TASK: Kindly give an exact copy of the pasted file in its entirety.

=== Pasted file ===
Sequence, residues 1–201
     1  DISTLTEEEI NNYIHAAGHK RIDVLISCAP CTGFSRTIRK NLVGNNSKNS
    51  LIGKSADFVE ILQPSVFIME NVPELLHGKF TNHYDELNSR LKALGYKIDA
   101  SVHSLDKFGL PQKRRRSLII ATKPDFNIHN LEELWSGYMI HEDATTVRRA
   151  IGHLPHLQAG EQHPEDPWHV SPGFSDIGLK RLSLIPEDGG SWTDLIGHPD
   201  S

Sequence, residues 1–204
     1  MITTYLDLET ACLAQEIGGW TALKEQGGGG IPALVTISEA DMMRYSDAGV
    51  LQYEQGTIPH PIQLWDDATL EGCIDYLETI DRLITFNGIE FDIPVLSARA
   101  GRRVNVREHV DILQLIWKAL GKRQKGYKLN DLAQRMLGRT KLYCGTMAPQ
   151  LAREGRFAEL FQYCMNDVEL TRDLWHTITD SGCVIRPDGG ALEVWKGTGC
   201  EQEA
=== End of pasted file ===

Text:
Sequence, residues 1–201
     1  DISTLTEEEI NNYIHAAGHK RIDVLISCAP CTGFSRTIRK NLVGNNSKNS
    51  LIGKSADFVE ILQPSVFIME NVPELLHGKF TNHYDELNSR LKALGYKIDA
   101  SVHSLDKFGL PQKRRRSLII ATKPDFNIHN LEELWSGYMI HEDATTVRRA
   151  IGHLPHLQAG EQHPEDPWHV SPGFSDIGLK RLSLIPEDGG SWTDLIGHPD
   201  S

Sequence, residues 1–204
     1  MITTYLDLET ACLAQEIGGW TALKEQGGGG IPALVTISEA DMMRYSDAGV
    51  LQYEQGTIPH PIQLWDDATL EGCIDYLETI DRLITFNGIE FDIPVLSARA
   101  GRRVNVREHV DILQLIWKAL GKRQKGYKLN DLAQRMLGRT KLYCGTMAPQ
   151  LAREGRFAEL FQYCMNDVEL TRDLWHTITD SGCVIRPDGG ALEVWKGTGC
   201  EQEA